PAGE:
Challenger Assembly Process – Archive

Kit arrivalThe Challenger assembly process varies greatly based on what kit you order, and what options you add.  For example, a part 103 kit with sail cloth wings is much quicker and easier to build than an XL-65.  In any case, your Challenger kit will arrive with the fuselage all framed up, and the controls installed.  The wing panels and tail components are also all framed up.  All of these components are built in a jig at the factory to ensure that they are exactly straight, and also saves a lot of time for the builder.  With Challenger, you have the option to order the kit in sections.  The factory refers to this as “Kit by Sect.”  With the “kit by sect” option normally the tail is shipped first, then the wings, then the fuselage, but you can order them in what ever order you want.  While this may be helpful from a budget or space standpoint, it will add to the shipping expense considerably. There is a manual included with the kit that is very detailed and gives you step by step instructions on how to assemble the airframe.  It would be helpful to read the manual entirely before starting on the assembly process.  If you would like, the manual can be sent ahead in paper or PDF so that you can start reading while your kit is in production at the factory.  There are also many other resources available to you for information and are listed in our “Resources” section, and of course, you local dealer is here to help anytime you have a question.  (Keep in mind when purchasing a kit, the dealer you purchase it from is your go-to person for help during the build process.)  At Heavenbound Aviation we also provide builders assistance if you would like us to complete certain steps of the build process.  Please contact us for more information on that.  In either case, one of the first things you should do is call the EAA and get an experimental aircraft registration kit and begin that process.  Remember, you are dealing with the federal government, nothing happens fast!  You don’t want to end up with an airplane that is ready to fly and then have to wait for months for the FAA to get their paperwork completed.

IMG_1949Once you get started on you assembly you will find that it is actually pretty simple, and a lot of fun.  There are lots of holes to drill and lots of rivets to pull, but nothing complicated.  Some of the tasks that are very time consuming are the instrument panel and electrical wiring, depending on the complexity of it, and the covering process.  The fabric process is not complicated and regardless of which process you use, a complete manual is available that give you step by step instructions.  It does require a lot of attention to detail however, and does take some time.  But once again, it is a lot of fun.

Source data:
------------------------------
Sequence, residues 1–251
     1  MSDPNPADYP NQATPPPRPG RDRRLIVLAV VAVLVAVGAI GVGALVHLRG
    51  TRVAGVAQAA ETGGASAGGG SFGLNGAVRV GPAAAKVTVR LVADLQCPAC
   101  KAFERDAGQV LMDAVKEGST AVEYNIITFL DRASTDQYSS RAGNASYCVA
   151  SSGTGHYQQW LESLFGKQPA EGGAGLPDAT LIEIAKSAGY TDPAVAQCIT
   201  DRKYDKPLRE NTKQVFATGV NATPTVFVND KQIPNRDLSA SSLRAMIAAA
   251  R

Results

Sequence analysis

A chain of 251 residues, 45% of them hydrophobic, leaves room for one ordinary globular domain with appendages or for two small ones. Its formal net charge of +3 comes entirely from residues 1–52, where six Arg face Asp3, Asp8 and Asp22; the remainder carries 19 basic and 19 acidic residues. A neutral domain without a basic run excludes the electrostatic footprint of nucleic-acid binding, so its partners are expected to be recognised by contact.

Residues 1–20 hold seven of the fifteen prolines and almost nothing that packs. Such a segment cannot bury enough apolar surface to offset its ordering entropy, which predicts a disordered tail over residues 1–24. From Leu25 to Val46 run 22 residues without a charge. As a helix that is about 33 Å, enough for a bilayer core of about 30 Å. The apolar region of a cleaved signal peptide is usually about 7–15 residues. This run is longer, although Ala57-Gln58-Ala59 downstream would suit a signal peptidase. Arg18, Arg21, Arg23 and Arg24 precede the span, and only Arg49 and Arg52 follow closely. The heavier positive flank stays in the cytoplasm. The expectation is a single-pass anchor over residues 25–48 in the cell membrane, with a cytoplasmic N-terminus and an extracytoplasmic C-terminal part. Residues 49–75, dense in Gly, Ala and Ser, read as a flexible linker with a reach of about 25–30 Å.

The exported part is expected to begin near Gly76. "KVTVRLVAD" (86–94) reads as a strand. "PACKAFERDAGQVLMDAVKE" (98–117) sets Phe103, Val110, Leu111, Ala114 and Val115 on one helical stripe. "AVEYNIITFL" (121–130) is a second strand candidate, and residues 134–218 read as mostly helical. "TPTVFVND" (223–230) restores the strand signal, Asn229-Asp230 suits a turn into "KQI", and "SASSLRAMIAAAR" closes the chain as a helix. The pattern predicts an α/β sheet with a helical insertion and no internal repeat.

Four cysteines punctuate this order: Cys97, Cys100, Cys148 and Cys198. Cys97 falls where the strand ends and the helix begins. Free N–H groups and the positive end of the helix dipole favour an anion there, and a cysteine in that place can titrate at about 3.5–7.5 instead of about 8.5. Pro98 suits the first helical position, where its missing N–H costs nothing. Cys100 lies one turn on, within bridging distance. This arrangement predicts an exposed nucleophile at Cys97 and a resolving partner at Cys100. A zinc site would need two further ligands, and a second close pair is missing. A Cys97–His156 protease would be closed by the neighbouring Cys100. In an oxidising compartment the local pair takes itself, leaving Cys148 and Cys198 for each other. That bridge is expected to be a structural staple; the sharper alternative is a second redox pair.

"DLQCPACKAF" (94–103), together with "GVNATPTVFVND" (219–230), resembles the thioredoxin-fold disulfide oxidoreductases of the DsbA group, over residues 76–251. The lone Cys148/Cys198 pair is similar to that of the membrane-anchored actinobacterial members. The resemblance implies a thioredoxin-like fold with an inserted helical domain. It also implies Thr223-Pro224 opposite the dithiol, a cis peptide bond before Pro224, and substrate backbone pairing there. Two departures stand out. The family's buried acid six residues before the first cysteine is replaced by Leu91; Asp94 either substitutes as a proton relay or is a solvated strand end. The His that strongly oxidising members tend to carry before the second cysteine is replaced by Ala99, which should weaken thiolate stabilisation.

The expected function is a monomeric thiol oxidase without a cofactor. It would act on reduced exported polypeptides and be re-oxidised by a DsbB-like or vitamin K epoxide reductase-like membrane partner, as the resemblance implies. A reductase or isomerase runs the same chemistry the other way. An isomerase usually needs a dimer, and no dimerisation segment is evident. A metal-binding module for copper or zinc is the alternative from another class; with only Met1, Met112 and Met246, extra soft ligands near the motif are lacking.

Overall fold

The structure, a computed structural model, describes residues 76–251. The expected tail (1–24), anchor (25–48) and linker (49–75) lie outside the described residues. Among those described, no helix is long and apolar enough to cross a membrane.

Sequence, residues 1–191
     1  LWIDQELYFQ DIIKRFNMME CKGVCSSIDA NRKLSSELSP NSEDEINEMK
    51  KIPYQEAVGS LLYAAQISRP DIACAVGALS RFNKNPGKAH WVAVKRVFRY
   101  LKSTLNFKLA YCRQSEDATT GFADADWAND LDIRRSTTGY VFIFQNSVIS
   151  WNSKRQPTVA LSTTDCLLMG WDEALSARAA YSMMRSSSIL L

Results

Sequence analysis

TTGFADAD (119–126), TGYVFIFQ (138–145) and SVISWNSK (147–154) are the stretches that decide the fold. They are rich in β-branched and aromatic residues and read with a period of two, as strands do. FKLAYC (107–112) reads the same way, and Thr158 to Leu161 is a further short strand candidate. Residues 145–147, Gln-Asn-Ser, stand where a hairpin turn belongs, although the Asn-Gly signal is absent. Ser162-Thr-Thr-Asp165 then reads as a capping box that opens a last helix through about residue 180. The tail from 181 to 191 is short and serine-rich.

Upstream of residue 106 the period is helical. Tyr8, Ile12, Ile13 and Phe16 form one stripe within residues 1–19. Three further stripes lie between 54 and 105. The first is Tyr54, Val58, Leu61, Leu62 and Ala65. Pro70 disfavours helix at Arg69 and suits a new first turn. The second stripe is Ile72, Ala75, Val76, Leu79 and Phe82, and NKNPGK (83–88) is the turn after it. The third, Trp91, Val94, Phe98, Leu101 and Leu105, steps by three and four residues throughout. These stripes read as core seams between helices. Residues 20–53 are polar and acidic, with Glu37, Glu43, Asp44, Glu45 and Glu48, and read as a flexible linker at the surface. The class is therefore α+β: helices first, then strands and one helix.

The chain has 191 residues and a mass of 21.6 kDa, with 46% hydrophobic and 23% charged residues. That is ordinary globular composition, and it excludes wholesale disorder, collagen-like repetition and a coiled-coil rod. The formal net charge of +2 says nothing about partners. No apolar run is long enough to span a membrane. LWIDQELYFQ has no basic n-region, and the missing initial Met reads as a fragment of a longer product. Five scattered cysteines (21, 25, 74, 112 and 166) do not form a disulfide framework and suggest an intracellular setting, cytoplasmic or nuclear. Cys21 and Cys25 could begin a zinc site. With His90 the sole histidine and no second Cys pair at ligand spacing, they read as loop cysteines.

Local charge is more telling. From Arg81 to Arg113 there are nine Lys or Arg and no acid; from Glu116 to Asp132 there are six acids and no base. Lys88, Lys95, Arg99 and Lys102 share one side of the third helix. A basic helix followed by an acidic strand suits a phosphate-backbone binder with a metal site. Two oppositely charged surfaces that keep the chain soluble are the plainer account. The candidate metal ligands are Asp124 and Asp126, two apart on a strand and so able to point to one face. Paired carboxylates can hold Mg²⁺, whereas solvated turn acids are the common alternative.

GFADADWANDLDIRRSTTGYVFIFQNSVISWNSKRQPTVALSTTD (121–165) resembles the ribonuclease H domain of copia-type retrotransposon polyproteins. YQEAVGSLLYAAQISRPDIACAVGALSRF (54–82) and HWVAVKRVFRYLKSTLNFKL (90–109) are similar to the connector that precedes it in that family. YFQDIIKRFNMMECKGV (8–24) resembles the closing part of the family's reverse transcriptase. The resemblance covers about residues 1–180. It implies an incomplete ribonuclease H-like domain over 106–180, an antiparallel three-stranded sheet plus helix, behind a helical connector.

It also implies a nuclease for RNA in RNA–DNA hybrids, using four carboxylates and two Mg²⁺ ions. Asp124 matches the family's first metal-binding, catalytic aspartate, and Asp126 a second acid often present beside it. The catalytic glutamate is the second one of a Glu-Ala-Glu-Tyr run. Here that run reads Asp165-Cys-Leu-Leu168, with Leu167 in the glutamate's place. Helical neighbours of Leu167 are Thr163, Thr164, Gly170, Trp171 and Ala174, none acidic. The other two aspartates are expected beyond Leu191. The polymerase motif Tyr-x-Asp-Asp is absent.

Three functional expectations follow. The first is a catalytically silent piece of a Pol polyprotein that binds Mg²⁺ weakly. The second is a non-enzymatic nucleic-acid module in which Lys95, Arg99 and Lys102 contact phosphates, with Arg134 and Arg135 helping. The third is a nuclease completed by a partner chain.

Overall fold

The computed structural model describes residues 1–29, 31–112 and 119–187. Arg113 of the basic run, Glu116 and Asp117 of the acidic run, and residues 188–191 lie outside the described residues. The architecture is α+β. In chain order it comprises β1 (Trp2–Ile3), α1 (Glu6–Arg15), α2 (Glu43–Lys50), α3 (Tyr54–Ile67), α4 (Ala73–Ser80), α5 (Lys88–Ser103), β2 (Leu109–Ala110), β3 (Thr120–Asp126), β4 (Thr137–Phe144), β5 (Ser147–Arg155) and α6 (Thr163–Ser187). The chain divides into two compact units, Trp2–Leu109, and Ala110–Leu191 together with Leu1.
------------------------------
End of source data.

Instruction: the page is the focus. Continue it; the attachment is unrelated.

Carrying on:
Once your kit arrives, the first thing to do is to inspect all of the boxes and make sure there is no shipping damage.  It is also a good idea to go through the packing list and make sure everything is there.  The factory sends along a packing list that not only lists everything shipped with the kit, but also what box it is in.  This is very helpful.

Challenger painted fuselageThe first step we like to do when building a Challenger is to acid etch the airframe and then epoxy primer it.  This will not only make the airframe look nice, but will protect it from corrosion for the long haul.  Once the primer is dry we begin construction process.  Now we can accomplish tasks such as temporarily installing the nose cone, and nose gear, setting up the tail hinges and struts,  and installing a few fabric formers.  fitting a nose cone leviThen we can install the fuel plumbing and electrical components.  We can build the instrument panel and wire it as well as build and install the main wiring harness.  At this point it is recommended to build the doors if you have them.  It is preferable to do this before covering to avoid any damage to the fabric as you are fitting and building the doors.  There is an article in our “Resources” section that will greatly assist you in this process. Laney panel wiring You can leave the lexan on the doors a little oversize and do the final trim when the airplane is complete.  The windshield can be installed at this point as well, but the top will need to be left long until final assembly so it can be trimmed to fit the gap cover.  Once we are satisfied with all of those things, we are ready to start the covering process on the fuselage.